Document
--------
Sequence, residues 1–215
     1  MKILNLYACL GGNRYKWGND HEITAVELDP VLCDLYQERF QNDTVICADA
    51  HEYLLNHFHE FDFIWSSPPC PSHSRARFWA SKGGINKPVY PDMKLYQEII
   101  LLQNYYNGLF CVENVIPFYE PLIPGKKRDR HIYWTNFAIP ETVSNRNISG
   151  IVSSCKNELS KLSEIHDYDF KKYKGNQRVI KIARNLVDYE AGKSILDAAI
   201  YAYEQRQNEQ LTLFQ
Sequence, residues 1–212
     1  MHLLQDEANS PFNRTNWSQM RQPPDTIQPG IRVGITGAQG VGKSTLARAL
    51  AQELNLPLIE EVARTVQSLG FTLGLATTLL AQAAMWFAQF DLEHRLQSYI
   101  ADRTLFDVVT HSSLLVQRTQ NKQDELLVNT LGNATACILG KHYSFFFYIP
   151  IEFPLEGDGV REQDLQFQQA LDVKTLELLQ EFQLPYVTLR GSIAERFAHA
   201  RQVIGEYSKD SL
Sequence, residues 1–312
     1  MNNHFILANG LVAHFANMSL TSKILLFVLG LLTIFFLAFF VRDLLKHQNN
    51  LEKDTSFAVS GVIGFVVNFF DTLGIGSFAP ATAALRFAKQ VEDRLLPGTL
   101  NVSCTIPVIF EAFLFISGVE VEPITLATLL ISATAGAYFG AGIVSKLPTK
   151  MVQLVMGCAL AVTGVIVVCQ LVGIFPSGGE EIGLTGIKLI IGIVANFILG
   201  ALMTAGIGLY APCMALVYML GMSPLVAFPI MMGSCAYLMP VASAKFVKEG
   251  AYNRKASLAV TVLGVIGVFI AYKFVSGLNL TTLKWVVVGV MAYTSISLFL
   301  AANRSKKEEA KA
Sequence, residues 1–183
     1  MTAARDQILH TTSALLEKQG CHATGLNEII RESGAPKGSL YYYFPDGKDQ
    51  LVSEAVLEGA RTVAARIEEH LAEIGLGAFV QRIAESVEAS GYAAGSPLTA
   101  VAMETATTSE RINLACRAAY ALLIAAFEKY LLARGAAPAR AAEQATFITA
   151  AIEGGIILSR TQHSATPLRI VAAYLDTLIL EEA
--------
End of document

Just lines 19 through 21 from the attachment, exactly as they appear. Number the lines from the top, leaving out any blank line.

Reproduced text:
   251  AYNRKASLAV TVLGVIGVFI AYKFVSGLNL TTLKWVVVGV MAYTSISLFL
   301  AANRSKKEEA KA
Sequence, residues 1–183